DBN-6300 IDPS Security Technical Implementation Guide

U_DBN-6300_IDPS_STIG_V1R1_Manual-xccdf.xml

This Security Technical Implementation Guide is published as a tool to improve the security of Department of Defense (DoD) information systems. The requirements are derived from the National Institute of Standards and Technology (NIST) 800-53 and related documents. Comments or proposed revisions to this document should be sent via e-mail to the following address: [email protected]
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Version / Release: V1R1

Published: 2017-09-15

Updated At: 2018-09-23 19:12:46

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Drop CKL or SCAP (XCCDF) results here.
    Vuln Rule Version CCI Severity Title Description Status Finding Details Comments
    SV-79467r1_rule DBNW-IP-000032 CCI-002346 MEDIUM To help detect unauthorized data mining, the DBN-6300 must detect code injection attacks launched against data storage objects, including, at a minimum, databases, database records, queries, and fields. Data mining is the analysis of large quantities of data to discover patterns and is used in intelligence gathering. Failure to detect attacks that use unauthorized data mining techniques to attack databases may result in the compromise of information. SQL Injection attacks allow an attacker to inject code into a program or query or inject malware onto a computer to execute remote commands that can read or modify a database, or change data on a website. Web applications frequently access databases to store, retrieve, and update information. An attacker can construct inputs that the database will execute. This is most commonly referred to as a SQL injection attack. IDPS component(s) with the capability to detect code injections must be included in the IDPS implementation to detect unauthorized data mining. These components must include behavior-based anomaly detection algorithms to monitor for atypical database queries or accesses.
    SV-79489r1_rule DBNW-IP-000009 CCI-000140 MEDIUM In the event of a logging failure, caused by loss of communications with the central logging server, the DBN-6300 must queue audit records locally until communication is restored or until the audit records are retrieved manually or using automated synchronization tools. It is critical that when the IDPS is at risk of failing to process audit logs as required, it take action to mitigate the failure. Audit processing failures include software/hardware errors, failures in the audit capturing mechanisms, and audit storage capacity being reached or exceeded. Responses to audit failure depend upon the nature of the failure. The DBN-6300 performs a critical security function; therefore, its continued operation is imperative. Since availability of the DBN-6300 is an overriding concern, shutting down the system in the event of an audit failure should be avoided, except as a last resort. The SYSLOG protocol does not support automated synchronization; however, this functionality may be provided by Network Management Systems (NMSs), which are not within the scope of this STIG.
    SV-79491r1_rule DBNW-IP-000010 CCI-000140 MEDIUM In the event of a logging failure caused by the lack of log record storage capacity, the DBN-6300 must continue generating and storing audit records if possible, overwriting the oldest audit records in a first-in-first-out manner. It is critical that when the IDPS is at risk of failing to process audit logs as required, it takes action to mitigate the failure. The DBN-6300 performs a critical security function, so its continued operation is imperative. Since availability of the IDPS is an overriding concern, shutting down the system in the event of an audit failure should be avoided, except as a last resort.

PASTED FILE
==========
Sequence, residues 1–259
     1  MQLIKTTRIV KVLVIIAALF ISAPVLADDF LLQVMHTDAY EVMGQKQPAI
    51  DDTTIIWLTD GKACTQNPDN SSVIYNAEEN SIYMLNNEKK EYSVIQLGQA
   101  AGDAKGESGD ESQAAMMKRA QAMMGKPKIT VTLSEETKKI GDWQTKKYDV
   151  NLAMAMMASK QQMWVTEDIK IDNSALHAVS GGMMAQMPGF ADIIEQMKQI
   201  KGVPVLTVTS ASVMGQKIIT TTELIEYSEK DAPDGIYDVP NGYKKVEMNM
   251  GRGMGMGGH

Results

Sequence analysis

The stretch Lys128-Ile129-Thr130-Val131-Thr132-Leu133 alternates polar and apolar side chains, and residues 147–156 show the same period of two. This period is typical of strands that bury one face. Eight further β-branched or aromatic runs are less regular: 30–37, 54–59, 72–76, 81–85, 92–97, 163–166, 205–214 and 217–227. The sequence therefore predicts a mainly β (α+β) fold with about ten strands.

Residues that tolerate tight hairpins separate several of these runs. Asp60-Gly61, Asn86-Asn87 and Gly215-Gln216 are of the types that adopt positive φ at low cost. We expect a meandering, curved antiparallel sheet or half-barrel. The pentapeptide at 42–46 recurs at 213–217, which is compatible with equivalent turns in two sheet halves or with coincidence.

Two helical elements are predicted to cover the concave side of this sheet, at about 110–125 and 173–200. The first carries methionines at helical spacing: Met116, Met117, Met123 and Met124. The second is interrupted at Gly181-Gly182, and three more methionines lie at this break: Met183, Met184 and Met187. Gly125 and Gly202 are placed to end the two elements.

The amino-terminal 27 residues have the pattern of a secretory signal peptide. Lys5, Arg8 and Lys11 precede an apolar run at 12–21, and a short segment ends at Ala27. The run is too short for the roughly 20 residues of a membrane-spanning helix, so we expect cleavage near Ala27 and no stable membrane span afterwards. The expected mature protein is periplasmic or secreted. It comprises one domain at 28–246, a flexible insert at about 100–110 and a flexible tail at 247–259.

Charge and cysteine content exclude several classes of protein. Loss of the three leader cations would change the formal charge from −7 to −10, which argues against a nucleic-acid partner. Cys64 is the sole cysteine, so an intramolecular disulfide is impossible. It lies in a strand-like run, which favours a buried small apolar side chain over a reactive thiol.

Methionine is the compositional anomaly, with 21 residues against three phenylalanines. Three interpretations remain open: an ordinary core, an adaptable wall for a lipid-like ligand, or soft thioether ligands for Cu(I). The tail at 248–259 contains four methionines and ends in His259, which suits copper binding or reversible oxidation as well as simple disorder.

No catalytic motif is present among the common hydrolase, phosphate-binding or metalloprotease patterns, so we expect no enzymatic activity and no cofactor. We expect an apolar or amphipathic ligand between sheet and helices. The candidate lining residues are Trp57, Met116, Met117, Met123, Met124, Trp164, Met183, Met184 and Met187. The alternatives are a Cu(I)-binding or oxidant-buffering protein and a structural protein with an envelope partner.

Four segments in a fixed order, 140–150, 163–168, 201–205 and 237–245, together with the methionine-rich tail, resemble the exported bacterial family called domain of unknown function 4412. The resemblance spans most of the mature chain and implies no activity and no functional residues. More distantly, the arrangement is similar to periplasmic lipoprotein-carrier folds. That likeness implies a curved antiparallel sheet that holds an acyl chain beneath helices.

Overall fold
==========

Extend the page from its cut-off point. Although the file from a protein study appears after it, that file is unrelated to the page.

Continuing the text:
SV-79493r1_rule DBNW-IP-000012 CCI-000169 MEDIUM The DBN-6300 must generate log events for detection events based on anomaly analysis. Without the capability to generate audit records, it would be difficult to establish, correlate, and investigate the events relating to an incident or identify those responsible for one. While auditing and logging are closely related, they are not the same. Logging is recording data about events that take place in a system, while auditing is the use of log records to identify security-relevant information such as system or user accesses. In short, log records are audited to establish an accurate history. Without logging, it would be impossible to establish an audit trail. The IDPS must have the capability to capture and log detected security violations and potential security violations.
    SV-79495r1_rule DBNW-IP-000024 CCI-001240 MEDIUM The DBN-6300 must install system updates when new releases are available in accordance with organizational configuration management policy and procedures. Failing to update malicious code protection mechanisms, including application software files, signature definitions, and vendor-provided rules, leaves the system vulnerable to exploitation by recently developed attack methods and programs. The IDPS is a key malicious code protection mechanism in the enclave infrastructure. To ensure this protection is responsive to changes in malicious code threats, IDPS components must be updated, including application software files, anti-virus signatures, detection heuristics, vendor-provided rules, and vendor-provided signatures. Updates must be installed in accordance with the CCB procedures for the local organization. However, at a minimum: 1. Updates designated as critical security updates by the vendor must be installed immediately. 2. Updates for signature definitions, detection heuristics, and vendor-provided rules must be installed immediately. 3. Updates for application software must be installed in accordance with the CCB procedures. 4. Prior to automatically installing updates, either manual or automated integrity and authentication checking is required, at a minimum, for application software updates.